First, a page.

As I watched the Golden Globe Awards earlier this month, I pondered why these awards shows exist, why they need a lavish party and why it’s all televised. What “value” is there in spending tens of millions of dollars just to hand out awards to people who make millions of dollars themselves?
I have received similar inquiries from CFOs when it comes to annual recognition trips, often referred to as “President’s Club”, “Winner’s Circle”, or something similar. These trips typically are awarded to the best performers of the past year, perhaps the top 10%. Winners receive a trip to an exotic location and are honored at an elaborate ceremony in which a senior executive hands out awards based on last year’s sales performance. CFOs wonder why the company should pay for such a perquisite, largely giving an expensive trip to people who could afford to take an expensive trip on their own, thanks to the significant amount of incentive pay that they earn.
Any vice president of sales will tell you that the annual recognition program drives more incremental performance—especially among top performers—than any other incentive program outside of the core incentive plan. Here’s why.
Psychologist Abraham Maslow came up with the “hierarchy of needs” in the middle of the 20th century to describe five levels of human needs, starting from the very basics of survival (such as food and sleep) and going all the way up to self-actualization. His theory states that once you achieve the needs at one level, you instinctively move up the hierarchy, seeking to have those higher-order needs met next.
For example, we have seen time and again that once top salespeople have overachieved their quotas and are making significant money, they often stop being motivated by earning even more money. Additional incentive pay loses its luster, but public recognition—and the nice trip that comes with it—still drives performance. This is evidence of the reps’ need for esteem kicking in, the fourth level of needs in the hierarchy, which includes achievement, prestige and respect from others.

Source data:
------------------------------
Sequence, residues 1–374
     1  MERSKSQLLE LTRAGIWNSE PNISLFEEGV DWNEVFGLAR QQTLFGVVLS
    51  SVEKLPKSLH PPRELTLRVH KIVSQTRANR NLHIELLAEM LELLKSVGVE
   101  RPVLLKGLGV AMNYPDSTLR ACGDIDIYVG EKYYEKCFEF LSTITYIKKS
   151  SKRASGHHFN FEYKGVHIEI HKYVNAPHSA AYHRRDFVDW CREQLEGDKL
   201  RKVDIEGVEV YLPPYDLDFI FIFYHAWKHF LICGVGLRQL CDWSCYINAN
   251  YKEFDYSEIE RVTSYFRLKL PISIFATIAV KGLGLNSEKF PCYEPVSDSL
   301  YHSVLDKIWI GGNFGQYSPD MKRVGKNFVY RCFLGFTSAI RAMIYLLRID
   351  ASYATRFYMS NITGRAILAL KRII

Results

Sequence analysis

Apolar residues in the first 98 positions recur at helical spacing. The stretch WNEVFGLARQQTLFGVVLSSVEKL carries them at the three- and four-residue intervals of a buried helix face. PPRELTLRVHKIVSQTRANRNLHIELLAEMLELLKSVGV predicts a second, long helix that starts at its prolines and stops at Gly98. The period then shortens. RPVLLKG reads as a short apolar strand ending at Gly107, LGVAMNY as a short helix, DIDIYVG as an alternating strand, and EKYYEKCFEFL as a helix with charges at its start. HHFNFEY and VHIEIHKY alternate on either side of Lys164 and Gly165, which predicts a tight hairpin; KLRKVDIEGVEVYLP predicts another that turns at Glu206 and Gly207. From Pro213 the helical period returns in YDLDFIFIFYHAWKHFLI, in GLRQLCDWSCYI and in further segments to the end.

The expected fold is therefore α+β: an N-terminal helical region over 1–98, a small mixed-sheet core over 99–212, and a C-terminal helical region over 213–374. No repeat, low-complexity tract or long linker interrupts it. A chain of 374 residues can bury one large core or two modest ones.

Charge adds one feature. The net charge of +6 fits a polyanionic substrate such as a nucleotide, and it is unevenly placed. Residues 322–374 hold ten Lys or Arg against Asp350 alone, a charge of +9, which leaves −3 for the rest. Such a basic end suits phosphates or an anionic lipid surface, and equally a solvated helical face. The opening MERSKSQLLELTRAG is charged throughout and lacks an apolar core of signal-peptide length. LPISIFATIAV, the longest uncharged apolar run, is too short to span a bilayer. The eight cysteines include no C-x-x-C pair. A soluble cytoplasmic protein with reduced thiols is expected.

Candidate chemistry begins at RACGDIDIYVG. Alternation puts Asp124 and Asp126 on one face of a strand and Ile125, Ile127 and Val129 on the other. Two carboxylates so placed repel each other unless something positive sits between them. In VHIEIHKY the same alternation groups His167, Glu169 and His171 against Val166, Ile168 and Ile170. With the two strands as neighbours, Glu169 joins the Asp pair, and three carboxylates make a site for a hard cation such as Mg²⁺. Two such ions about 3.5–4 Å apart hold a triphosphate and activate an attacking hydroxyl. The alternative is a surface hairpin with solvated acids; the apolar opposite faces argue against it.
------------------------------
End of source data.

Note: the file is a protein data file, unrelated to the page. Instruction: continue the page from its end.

If you remember back to your Econ 101 days, the supply of labor famously has a “backward-bending” supply curve. In other words, as you increase somebody’s pay per hour, the person eventually will begin supplying less labor: the opposite of the supply curves’ normal tendency. This is true with top salespeople without the added incentive of an annual recognition program. Money no longer motivates, after a certain point, but esteem does.
The Golden Globes and an annual sales recognition program are symbols of excellence, honoring top performers in front of their peers. If you don’t have an annual recognition program or are considering abandoning yours, I would strongly suggest that you reconsider. It’s an incredibly important part of an overall incentive and recognition strategy that will ensure that your top performers will continue to exert effort even when the motivational value of money wanes.